General MM

Lenalidomide versus observation in patients with smoldering multiple myeloma: a randomized trial

Multiple myeloma (MM) often progresses from an asymptomatic phase, called smoldering multiple myeloma (SMM). The risk of progression is 10% per year, however the presence of adverse prognostic factors can lead this to increase to 25%. The current standard of care for SMM is observation. Early interventions, from a preventative approach with low-intensity therapy, through to a more intensive approach, might prevent end-organ damage.

In this paper, Sagar Lonial, Emory University, Atlanta, GA, and colleagues hypothesized that early interventions could delay progression to MM. They conducted a randomized trial wherein patients with intermediate- or high-risk SMM received either lenalidomide or observation. The results of this trial were previously presented by Sagar Lonial at the American Society of Clinical Oncology (ASCO) meeting earlier this year and covered by the MM Hub.

Study design and patients

  • Before the phase III trial, the authors conducted a safety phase II run-in where patients were treated with lenalidomide
    • Forty-four patients were enrolled between January 2011 and January 2013; out of these, 34 were eligible (measurable levels of monoclonal protein, ≥1g/dL in the serum and/or ≥200mg/24h in the urine; baseline skeletal survey and magnetic resonance imaging of the spine and pelvis to exclude myeloma bone lesions or plasmacytomas) and were treated
    • The overall median treatment duration was 33.5 cycles
  • In the phase III trial, 182 patients were randomly assigned to the lenalidomide arm (n= 90) or to the observation arm (n= 92)
    • Of these 182 patients, 139 (lenalidomide arm [n= 73]; observation arm [n= 66]) received a diagnosis of asymptomatic intermediate or high-risk SMM within the past 60 months and were eligible
    • The dose of oral lenalidomide was 25mg on Days 1 to 21 of every 28-day cycle
    • The overall median treatment duration was 23 cycles

Results

  • In the safety phase II run in:
    • The median overall survival (OS) follow-up was 82 months (95% confidence interval [CI], 72─84 months)
    • The 5-year progression-free survival (PFS) was 78% (95% CI, 65─93%)
    • The 5-year OS was 88% (95% CI, 78─98%)
    • Grade ≥3 adverse events (AEs) occurred in 22 patients, and one patient died from pulmonary embolism
    • The incidence of invasive second primary cancers at 4 years was 4.9%
  • In the phase III trial:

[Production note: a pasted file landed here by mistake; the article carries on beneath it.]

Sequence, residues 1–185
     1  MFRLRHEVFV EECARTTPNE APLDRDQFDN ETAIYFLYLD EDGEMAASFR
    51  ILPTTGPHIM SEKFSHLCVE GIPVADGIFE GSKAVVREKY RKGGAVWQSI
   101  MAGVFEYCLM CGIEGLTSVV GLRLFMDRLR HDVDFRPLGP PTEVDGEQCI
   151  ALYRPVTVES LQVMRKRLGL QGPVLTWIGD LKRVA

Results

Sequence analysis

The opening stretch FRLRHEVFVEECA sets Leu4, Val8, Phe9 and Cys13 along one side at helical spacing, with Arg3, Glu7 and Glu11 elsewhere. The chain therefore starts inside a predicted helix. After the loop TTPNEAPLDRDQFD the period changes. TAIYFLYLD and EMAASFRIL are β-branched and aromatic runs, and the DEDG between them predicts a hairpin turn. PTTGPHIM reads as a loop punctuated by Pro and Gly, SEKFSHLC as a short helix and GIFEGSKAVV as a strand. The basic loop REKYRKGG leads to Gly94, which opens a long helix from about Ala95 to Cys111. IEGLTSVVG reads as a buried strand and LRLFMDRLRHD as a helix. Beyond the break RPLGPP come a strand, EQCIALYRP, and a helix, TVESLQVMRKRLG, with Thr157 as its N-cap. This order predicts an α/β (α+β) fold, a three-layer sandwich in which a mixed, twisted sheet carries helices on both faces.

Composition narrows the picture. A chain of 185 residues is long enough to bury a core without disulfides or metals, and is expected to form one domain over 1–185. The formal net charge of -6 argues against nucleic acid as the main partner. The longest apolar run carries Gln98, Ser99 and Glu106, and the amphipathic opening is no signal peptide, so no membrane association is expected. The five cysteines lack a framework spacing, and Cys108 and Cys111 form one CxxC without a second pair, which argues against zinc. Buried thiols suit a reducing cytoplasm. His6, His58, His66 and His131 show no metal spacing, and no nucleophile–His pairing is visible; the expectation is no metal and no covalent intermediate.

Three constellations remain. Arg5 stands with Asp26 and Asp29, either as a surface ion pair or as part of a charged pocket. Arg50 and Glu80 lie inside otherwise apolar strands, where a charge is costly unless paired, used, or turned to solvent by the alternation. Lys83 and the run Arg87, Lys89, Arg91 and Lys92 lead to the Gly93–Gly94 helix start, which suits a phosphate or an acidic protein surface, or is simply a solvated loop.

• The median follow-up was 35 months (95% CI, 30─37 months)
    • Partial response (PR) to therapy was 50% (95% CI, 39─61%) for the lenalidomide arm and no responses were observed in the observation arm. The time to response was a median of 5 months (1─23 months)
    • PFS for the lenalidomide arm versus the observation arm was significantly longer (treatment hazard ratio [HR], 0.28; 95% CI, 0.12–0.62; p= 0.002):
      • One-year PFS: 98% vs 89%
      • Two-year PFS: 93% vs 76%
      • Three-year PFS: 91% vs 66%
    • Cumulative incidence of progression at 3 years was 7.3% vs 31.6% in the lenalidomide arm versus the observation arm
    • Two deaths were reported in the lenalidomide arm and four in the observation arm (HR for death, 0.46; 95% CI, 0.08─2.53)
    • In 36 (41%) patients, grade 3 or 4 hematologic and nonhematologic AEs occurred. Among the off treatment (n= 45) patients, 18 came off therapy as a result of AEs
    • The cumulative incidence of invasive second primary cancers at 3 years was 5.2% vs 3.5% in the lenalidomide arm versus the observation arm
    • End-organ damage occurred more frequently in the observation arm than in the treatment arm, with bone progression as the most common cause for progression (observation arm [n= 11] vs treatment arm [n= 3])

Conclusions

  • Early intervention with lenalidomide in SMM patients prolongs PFS, delays progression to MM, and prevents end-organ damage
  • To test whether more aggressive therapies may be more effective in treating patients with SMM, an ongoing trial (NCT03937635) is comparing lenalidomide and dexamethasone versus lenalidomide and dexamethasone plus daratumumab (triplet regimen approved for MM)
References
  1. Lonial S. et al., Randomized Trial of Lenalidomide Versus Observation in Smoldering Multiple Myeloma. J Clin Oncol. 2019 Oct 25; JCO1901740. DOI: 10.1200/JCO.19.01740

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